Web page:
This section will be devoted to the statistics of the fraction of time spent by the walker at a given site or in a given subset. As in the previous one, the probability distribution of the quantity of interest stems from the features of the asymptotic decay of return and first-return PDFs. We shall describe (or simply mention) any other necessary tool from time to time, as always.

#### 3.3.1. Occupation Time of the Origin

In the discrete-time formalism, as we have already discussed in

Section 3.1.1, the particle can not stand still on a site and so considering the occupation time of a single site is equivalent to talk about the number of visits to the same. Thanks to the Darling-Kac theorem [

43], a remarkable mathematical result for Markov processes, we know [

29,

42] that the number of visits to the starting point (properly rescaled by the average taken over several realizations) has a Mittag-Leffler distribution of index

$\rho $ as limiting distribution. We would emphasize that spatial inhomogeneities cause non-Markovianity for the original process, but now we are focusing on returns to the origin that are renewal events. Thus you have a sequence of i.i.d. first-return times and loss of memory is ensured in each case.

Obviously, this result is still true for waiting-time distributions with finite mean: even if the physical clock is running when the particle rests on a site and the internal clock stops, the microscopic time scale gives us the constant of direct proportionality necessary to move from the number of steps to the correct time measure, which has the same distribution, as a consequence.

In the non-trivial continuous-time translation, instead, what we need to apply is Lamperti theorem [

44]. It is a statement involving two-state stochastic processes (being or not at the origin in our case). More precisely we deal with its continuous-time generalization, which has been discussed in many works, such as References [

45,

46,

47,

48,

49]. Here we provide the final formula, that is the starting point of our analysis: for a detailed proof refer to Reference [

47], for instance. Essentially, we will conclude that, even if the Mittag-Leffler statistics is mapped to a Lamperti distribution, the index

$\rho $ of the discrete-time formalism is always replaced by the product

$\alpha \rho $ characterizing the asymptotic expansion of the first-return PDF. In particular, in order to preserve the ergodic property of the discrete-time version (

$\rho =1$) we have to consider a waiting-time distribution with finite mean (

$\alpha =1$): in this way, the Lamperti distribution collapses to a Dirac delta function on the mean value of the occupation time.

Before formalizing the theorem, let us define some notation. We consider a stochastic process described by a set of transitions between two states (that we call

$in$ and

$out$) and we consider arrivals at the origin and departures as events. Time periods between events are i.i.d. random variables, with PDFs

${\psi}_{in}\left(t\right)\equiv \psi \left(t\right)$ and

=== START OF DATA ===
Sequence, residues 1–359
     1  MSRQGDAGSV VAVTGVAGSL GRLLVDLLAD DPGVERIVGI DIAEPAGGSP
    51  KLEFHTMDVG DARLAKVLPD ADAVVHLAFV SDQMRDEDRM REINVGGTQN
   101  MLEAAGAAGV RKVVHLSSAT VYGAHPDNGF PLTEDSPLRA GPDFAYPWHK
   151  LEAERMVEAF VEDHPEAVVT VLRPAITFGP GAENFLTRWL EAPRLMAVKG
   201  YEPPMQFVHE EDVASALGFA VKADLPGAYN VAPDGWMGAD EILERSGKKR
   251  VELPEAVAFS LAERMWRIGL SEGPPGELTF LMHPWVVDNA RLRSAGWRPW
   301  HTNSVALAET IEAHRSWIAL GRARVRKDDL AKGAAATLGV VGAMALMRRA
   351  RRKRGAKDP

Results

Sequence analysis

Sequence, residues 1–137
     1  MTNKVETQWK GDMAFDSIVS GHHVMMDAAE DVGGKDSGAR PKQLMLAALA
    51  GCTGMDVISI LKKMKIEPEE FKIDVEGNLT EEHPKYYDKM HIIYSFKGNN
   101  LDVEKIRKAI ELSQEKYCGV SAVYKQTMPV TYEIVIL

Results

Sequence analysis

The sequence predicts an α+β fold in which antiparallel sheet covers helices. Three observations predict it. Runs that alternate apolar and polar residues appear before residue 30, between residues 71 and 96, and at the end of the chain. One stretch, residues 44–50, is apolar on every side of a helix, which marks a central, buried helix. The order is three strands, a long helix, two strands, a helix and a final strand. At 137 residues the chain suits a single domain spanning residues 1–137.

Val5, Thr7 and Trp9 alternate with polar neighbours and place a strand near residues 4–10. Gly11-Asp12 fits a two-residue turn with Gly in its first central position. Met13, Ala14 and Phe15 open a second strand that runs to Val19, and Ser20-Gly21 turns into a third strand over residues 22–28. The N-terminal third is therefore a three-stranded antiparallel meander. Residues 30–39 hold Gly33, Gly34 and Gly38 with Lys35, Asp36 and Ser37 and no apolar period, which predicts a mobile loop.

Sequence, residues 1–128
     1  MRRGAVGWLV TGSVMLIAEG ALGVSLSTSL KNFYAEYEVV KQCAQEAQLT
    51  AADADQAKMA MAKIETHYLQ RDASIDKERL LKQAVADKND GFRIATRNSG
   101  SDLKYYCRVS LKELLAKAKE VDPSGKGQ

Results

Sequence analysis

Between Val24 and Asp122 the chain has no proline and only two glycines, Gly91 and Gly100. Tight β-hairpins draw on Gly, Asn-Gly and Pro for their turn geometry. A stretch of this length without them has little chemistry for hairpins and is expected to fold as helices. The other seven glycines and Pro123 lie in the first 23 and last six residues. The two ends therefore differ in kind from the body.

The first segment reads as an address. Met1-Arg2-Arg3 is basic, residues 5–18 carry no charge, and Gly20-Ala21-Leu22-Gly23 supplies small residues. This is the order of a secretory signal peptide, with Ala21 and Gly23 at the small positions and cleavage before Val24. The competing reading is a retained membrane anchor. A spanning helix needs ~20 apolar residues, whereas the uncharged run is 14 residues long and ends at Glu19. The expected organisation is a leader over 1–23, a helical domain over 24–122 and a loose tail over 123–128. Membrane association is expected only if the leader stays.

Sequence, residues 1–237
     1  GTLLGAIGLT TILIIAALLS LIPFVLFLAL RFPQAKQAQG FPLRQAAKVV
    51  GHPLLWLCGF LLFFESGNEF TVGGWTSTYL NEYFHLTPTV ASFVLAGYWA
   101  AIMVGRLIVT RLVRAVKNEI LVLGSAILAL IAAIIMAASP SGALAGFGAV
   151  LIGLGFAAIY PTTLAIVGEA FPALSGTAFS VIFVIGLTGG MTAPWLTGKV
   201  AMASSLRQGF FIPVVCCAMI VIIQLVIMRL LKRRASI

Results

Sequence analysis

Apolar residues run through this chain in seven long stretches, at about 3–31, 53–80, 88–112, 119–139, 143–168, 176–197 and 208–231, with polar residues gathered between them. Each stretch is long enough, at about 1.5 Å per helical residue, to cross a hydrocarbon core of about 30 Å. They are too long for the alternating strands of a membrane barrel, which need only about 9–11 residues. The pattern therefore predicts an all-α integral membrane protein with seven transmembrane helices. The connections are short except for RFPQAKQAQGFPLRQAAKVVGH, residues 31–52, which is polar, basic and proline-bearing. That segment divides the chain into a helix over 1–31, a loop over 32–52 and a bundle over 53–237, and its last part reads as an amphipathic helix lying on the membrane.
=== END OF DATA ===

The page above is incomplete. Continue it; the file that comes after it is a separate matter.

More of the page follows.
${\psi}_{out}\left(t\right)\equiv f(1,0,t)$ respectively, that are the alternating distributions of the renewal process. In fact, the time spent on state

$in$ is precisely the waiting time on a site, whereas the time spent outside the origin coincides with the first-return time to the origin starting from

${j}_{0}=1$ because, thanks to the nearest-neighbour structure, when you leave the origin you land on ±1 and

$f({j}_{0},j,t)=f\left(\right|{j}_{0}|,j,t)$ by symmetry, as witnessed by Equation (

37). Moreover we can notice that

${\psi}_{in}$ and

${\psi}_{out}$ are connected by means of the first-return PDF, in fact:

We assume that at

$t=0$ the particle occupies the origin (namely it is in state

$in$) and we denote the total times spent by the walker in the two states up to time

t by

${T}_{in}$ and

${T}_{out}$, associated with the PDFs

${f}_{t}^{in}\left({T}_{in}\right)$ and

${f}_{t}^{out}\left({T}_{out}\right)$. Continuous-time Lamperti theorem tells us that the double Laplace transforms of these quantities are:

For the moment we focus on the non-ergodic regime

$\u03f5\le \frac{1}{2}$. First of all, let us choose a finite-mean waiting-time distribution, which constitutes a useful check. Clearly

${\widehat{\psi}}_{in}\left(s\right)=\widehat{\psi}\left(s\right)\sim 1-\tau s$ and we know that

$\widehat{f}\left(s\right)\sim 1-{\tau}^{\rho}{s}^{\rho}L\left(\frac{1}{\tau s}\right)$: having different asymptotic time decays,

${\widehat{\psi}}_{out}$ is ruled by the slower one, namely

${\widehat{\psi}}_{out}\left(s\right)\sim \widehat{f}\left(s\right)$ (and indeed

${C}_{\u03f5}\left(1\right)=1$ as you can see from Equation (

37)). By substituting in Equation (

46), we immediately get:

and by expanding in powers of

u, one can compute the moments of order

k of

${T}_{in}\left(t\right)$ in the time domain:

This suggests to us that if we consider the rescaled random variable:

then we asymptotically recover the moments of the Mittag-Leffler function of index

$\rho $, as we said previously. We would point out that

$\zeta $ is not directly the fraction of time spent at the origin and this observation is consistent with the fact that, in addition to the presence of an infinite recurrence time,

$f\left(t\right)$ decays more slowly with respect to

$\psi \left(t\right)$: without a properly scaling,